The US Commission for International Religious Freedom (USCIRF) has announced it will hold a hearing on religious freedom in India next week. It has also levelled the allegation of “discriminatory policies targeting religious minorities” ahead of this planned hearing.
This announcement follows two successful recent bilateral meetings between Prime Minister of India Narendra Modi and President of the United States Joe Biden — the official State Visit of the Indian leader to the US in June and a bilateral meeting in New Delhi within the G20 Summit in India in September.
The USCIRF is a federal government entity. “[It] is an independent, bipartisan US federal government agency created by the 1998 International Religious Freedom Act (IRFA), as amended,” said its website. “[The] USCIRF monitors the universal right to freedom of religion or belief (FoRB) abroad; makes policy recommendations to the President, Secretary of State, and Congress; and tracks the implementation of these recommendations.”
Making the announcement, the Commission said that its Congressional hearing would be on how the US government could work with the Indian government to address violations.
Fernand de Varennes, United Nations Special Rapporteur on Minority Issues, has been invited to testify before the Commission, along with Tariq Ahmed, Foreign Law Specialist, Law Library of Congress; Sarah Yager, Washington Director, Human Rights Watch; Sunita Viswanath, Executive Director, Hindus for Human Rights; and Irfan Nooruddin, Hamad bin Khalifa Al Thani Professor of Indian Politics at Georgetown University.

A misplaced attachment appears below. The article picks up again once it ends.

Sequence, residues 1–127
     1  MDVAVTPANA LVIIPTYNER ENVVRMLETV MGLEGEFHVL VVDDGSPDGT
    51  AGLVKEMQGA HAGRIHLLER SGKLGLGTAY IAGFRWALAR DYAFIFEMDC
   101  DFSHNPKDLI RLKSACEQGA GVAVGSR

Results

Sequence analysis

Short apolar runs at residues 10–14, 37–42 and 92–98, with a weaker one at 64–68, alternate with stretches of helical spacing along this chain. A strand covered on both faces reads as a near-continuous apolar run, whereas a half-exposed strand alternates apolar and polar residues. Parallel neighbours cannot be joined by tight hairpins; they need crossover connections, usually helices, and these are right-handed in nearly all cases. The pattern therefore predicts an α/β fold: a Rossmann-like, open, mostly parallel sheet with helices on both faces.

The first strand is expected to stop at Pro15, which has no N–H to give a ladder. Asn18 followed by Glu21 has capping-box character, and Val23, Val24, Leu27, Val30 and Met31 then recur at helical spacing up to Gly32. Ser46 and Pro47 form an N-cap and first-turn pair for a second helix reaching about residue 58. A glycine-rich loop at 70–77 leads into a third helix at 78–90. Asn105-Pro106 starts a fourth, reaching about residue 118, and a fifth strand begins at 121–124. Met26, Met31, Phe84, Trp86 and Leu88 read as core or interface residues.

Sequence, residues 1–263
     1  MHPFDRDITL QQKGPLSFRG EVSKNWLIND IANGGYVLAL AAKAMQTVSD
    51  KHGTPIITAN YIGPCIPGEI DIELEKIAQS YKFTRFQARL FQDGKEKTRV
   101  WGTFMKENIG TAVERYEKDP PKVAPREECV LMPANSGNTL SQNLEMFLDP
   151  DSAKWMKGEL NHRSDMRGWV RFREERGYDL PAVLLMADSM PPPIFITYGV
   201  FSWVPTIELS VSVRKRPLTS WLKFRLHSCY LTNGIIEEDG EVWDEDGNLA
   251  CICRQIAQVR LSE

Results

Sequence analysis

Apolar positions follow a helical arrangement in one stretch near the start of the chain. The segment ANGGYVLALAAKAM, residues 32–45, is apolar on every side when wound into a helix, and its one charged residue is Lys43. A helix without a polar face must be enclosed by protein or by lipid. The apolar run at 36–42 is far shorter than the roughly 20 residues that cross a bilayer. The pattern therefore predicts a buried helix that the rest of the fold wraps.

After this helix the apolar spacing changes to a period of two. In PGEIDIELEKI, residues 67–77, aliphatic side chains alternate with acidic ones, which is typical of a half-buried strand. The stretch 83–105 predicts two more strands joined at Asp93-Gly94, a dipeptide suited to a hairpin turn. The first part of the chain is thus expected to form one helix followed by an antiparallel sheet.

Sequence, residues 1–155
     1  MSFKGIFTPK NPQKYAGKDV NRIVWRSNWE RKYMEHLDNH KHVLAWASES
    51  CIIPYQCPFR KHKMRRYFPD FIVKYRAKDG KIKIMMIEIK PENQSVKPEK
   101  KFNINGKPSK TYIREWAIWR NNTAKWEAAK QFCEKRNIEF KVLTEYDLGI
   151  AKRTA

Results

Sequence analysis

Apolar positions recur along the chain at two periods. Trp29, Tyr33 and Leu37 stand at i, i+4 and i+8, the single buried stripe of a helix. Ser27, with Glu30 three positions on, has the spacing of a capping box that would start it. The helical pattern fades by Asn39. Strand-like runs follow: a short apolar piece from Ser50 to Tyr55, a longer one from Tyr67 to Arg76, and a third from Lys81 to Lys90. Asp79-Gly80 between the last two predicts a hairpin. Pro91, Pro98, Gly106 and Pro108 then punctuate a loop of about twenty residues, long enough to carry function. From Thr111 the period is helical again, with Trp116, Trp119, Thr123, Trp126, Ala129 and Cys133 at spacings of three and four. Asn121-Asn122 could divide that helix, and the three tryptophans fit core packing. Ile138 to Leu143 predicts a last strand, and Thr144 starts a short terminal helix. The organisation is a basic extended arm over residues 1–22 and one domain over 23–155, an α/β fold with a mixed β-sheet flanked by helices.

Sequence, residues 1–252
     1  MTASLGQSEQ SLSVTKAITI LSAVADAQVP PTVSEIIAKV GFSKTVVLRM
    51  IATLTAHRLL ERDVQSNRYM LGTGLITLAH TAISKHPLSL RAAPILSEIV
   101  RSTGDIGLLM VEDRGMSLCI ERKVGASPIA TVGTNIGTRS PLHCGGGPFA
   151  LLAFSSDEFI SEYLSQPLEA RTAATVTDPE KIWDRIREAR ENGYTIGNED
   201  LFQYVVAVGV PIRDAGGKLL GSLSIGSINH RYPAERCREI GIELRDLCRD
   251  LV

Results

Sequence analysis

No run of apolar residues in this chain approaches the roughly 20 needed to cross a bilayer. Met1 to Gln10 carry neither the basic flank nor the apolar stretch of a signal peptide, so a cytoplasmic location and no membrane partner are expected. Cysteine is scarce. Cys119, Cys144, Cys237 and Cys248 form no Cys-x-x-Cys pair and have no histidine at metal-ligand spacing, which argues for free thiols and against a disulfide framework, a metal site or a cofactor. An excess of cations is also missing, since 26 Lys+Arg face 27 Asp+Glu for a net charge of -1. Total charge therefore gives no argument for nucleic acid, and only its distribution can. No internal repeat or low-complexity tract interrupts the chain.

The Commission alleged that “over the last decade, the Indian government has enacted and enforced discriminatory policies targeting religious minorities, including anti-conversion laws, cow slaughter laws, legislation granting citizenship preferences based on religion, and restrictions on foreign funding for civil society organisations”.
It added, “Recent trends include the eruption of violence between Hindus and Muslims in Haryana in July and targeted attacks against Christian and Jewish minorities in Manipur, highlighting the need for new strategies to mitigate violence against religious minorities in India.”
Since 2020, the USCIRF had recommended that the US Department of State designate India as a Country of Particular Concern (CPC) “for its systematic, ongoing, and egregious violations of religious freedom”, said the Commission.
“Witnesses will discuss the Indian government’s legal framework and enforcement of discriminatory policies, explain current religious freedom conditions, and offer policy options for the United States to work with India to combat abuses of religious freedom and related human rights in the country,” said the USCIRF.